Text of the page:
Are you able to work from home at all? I've been lucky enough to eliminate extra factors that exhausted me when I first went back to work, getting dressed in the morning, driving to work, walking around the building going to see different people, for me, just added to the exhaustion. I hope for your sake you can maybe try working from home a little. I really found that helped. Also, when you feel good, try not to push yourself too much. Again, I know this is terribly hard to actually listen to, but if you are still so tired on weekends maybe you are doing too much.

I hope that my message makes you feel less alone. Although I havent been on the forum in quite some time, just reading that there are people out there who understood what I was experiencing helped me enormously. I would like to think I have always been a well-balanced person, but i nthe past 7 months I have sometimes felt so alone, so lost, and so so so knackered that I often thought my weird an wonderul symptoms were because I was completely insane. Thankfully when I got in touch with the UKSepsis trust, despite living in France, I got the support and all information I needed not only to reassure me I was not totally certifiable but they also to armed me for what has turned out to be a long battle. Without the UKSepsis trust I honestly think I would have completely lost my mind.

Take each moment as it comes. Rest when you feel the need to rest, and try not to compare yourself to how you used to be. Surround yourself with peope who understand, and if there are ones who dont, simply dont let them influence you too much - you have enough of a battle on your hands.
Although I know very little of your personal battle with sepsis, I can say for myself that there was a turning point after about 6 months. I wont pretend thzt fireworks went off, but something changed. As I say, there are good days (a couple all in one go at the moment, and it is WONDERFUL), and then there are days where things are more difficult.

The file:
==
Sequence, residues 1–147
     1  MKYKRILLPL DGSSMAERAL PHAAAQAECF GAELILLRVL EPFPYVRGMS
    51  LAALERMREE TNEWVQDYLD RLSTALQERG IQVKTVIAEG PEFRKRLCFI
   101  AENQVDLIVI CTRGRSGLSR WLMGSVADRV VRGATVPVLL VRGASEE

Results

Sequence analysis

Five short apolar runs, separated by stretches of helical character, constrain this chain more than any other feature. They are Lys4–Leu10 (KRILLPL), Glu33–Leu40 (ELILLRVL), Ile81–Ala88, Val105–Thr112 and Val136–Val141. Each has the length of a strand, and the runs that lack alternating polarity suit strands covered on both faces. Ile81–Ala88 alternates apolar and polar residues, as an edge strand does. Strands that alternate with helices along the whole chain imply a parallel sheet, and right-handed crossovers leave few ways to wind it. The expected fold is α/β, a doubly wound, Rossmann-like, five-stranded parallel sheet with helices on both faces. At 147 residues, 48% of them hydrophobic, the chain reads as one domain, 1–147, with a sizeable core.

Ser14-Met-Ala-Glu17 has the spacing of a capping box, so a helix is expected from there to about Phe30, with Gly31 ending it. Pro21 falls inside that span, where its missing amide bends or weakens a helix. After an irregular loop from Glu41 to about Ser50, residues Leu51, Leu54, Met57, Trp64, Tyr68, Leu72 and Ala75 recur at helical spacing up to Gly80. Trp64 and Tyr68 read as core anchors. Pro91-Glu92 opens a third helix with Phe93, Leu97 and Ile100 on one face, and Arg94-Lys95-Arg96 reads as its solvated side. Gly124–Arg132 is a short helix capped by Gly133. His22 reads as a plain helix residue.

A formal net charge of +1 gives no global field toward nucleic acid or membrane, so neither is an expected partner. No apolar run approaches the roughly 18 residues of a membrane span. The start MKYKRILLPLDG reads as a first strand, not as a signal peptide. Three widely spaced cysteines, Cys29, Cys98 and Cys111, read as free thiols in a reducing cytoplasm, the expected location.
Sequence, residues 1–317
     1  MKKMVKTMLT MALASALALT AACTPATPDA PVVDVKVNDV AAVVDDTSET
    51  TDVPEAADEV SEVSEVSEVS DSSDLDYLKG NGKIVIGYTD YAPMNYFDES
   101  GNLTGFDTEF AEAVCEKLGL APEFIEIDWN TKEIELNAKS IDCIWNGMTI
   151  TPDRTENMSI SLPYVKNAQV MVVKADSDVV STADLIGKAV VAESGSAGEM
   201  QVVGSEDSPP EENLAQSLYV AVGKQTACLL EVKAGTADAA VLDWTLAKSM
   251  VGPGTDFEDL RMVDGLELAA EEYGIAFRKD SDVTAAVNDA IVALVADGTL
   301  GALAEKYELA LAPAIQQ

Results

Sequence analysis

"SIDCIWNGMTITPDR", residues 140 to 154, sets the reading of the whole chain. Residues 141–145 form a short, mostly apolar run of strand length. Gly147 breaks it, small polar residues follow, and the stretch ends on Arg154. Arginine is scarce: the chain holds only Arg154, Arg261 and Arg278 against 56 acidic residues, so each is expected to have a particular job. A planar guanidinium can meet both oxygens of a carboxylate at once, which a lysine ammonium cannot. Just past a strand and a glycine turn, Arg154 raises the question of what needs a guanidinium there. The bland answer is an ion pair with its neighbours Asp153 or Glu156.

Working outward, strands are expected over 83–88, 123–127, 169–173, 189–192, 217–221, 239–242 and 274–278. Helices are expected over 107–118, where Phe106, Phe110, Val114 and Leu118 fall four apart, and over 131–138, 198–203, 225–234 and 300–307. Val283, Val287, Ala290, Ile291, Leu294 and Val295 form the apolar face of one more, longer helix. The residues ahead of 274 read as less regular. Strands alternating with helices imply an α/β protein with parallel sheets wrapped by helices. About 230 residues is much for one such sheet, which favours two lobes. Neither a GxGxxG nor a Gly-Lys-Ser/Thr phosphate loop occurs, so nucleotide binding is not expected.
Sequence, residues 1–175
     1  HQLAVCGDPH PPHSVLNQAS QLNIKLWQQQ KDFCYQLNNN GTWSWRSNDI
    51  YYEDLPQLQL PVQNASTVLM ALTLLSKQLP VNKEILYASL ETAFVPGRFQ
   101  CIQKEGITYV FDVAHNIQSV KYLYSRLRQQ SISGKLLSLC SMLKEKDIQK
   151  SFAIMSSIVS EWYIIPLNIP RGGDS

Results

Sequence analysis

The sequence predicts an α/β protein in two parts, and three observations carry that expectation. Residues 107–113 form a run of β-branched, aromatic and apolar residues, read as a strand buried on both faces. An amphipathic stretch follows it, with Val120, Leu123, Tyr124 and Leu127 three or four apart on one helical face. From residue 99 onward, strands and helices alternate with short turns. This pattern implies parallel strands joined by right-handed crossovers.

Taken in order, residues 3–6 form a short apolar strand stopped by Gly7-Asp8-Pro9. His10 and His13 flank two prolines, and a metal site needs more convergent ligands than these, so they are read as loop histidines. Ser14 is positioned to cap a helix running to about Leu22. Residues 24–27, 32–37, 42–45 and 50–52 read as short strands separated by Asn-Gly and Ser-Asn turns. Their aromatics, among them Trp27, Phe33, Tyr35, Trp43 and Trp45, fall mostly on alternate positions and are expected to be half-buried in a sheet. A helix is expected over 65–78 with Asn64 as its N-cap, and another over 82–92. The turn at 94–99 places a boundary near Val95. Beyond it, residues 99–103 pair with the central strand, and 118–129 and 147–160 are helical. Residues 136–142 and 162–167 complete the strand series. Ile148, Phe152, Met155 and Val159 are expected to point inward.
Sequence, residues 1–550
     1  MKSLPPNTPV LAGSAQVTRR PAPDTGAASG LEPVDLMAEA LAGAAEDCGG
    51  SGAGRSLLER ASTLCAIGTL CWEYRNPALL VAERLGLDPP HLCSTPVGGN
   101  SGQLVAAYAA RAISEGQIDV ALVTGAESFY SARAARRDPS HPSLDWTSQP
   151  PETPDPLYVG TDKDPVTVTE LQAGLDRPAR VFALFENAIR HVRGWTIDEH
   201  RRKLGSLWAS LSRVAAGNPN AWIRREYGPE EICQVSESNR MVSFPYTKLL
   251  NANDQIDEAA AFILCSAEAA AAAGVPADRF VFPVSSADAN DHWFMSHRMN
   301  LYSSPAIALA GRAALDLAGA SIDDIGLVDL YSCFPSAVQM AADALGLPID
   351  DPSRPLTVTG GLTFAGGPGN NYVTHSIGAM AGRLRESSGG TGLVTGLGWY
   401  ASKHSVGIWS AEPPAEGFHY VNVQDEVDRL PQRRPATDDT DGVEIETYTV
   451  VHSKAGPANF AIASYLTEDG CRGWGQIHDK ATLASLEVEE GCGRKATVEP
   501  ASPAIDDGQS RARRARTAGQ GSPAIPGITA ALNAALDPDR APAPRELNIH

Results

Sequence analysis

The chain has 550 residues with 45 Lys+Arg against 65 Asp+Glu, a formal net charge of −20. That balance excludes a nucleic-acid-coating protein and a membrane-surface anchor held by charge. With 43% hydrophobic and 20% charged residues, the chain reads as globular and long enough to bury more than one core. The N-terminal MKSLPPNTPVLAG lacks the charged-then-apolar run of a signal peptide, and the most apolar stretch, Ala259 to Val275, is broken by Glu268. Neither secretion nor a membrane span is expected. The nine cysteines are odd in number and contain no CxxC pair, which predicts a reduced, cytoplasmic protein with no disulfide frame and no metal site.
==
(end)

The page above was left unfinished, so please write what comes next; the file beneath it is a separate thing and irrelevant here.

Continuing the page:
Take heart that although you might feel alone, you are not.

All the best and I hope things look up for you soon

Michelle
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#18 What is Sepsis?

Posted by admin on 01 April 2014 - 09:26 pm

What is sepsis?
 
Sepsis is a life threatening condition that arises when the body’s response to an infection injures its own tissues and organs. Sepsis leads to shock, multiple organ failure and death especially if not recognized early and treated promptly.
 
Sepsis is caused by the way the body responds to germs, such as bacteria, getting into your body. The infection may have started anywhere in a sufferer’s body, and may be only in one part of the body or it may be widespread. Sepsis can occur following chest or water infections, problems in the abdomen like burst ulcers, or simple skin injuries like cuts and bites.
 
Sepsis can be caused by a huge variety of different bugs, most cases being caused by common bacteria which we all come into contact with every day without them making us ill. Sometimes, though, the body responds abnormally to these infections, and causes sepsis.

 

Different types of sepsis
 
Many people can have ‘mild’ sepsis which can make them feel ill but doesn’t require treatment in hospital. Mild sepsis can result from chest infections, urine infections and other minor illnesses.
 
However, other patients develop severe sepsis, which means they become seriously ill and need hospital treatment straight away.
 
How would I know if I had sepsis?
 
If you or a loved one had a suspected infection, or certain risk factors like being very young or old, diabetic, pregnant or on long-term steroids, then you would need to know what to look for. Early signs of a ‘flu-like illness, chest infection, diarrhoea and vomiting or inability to eat and drink, together with one of the symptoms of sepsis should be taken seriously. Our Symptom Checker card gives a list of 6 symptoms to look out for.

 

symptom-checker-card1.png

 

Why does sepsis matter?
 
Sepsis is one of our biggest killers! Shocking, since so few people are aware of it, but sepsis claims 37,000 lives every year in the UK and costs the NHS £2.5 billion a year. In comparison, breast cancer claims less than 8,000 lives a year. By helping us to ensure the reliable delivery of basic sepsis care (the ‘Sepsis Six’), you can help us to save 12,500 lives every year and reduce costs by an estimated £160 million.


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#166 Loss of Oliver.

Posted by Balley77 on 05 September 2014 - 07:19 pm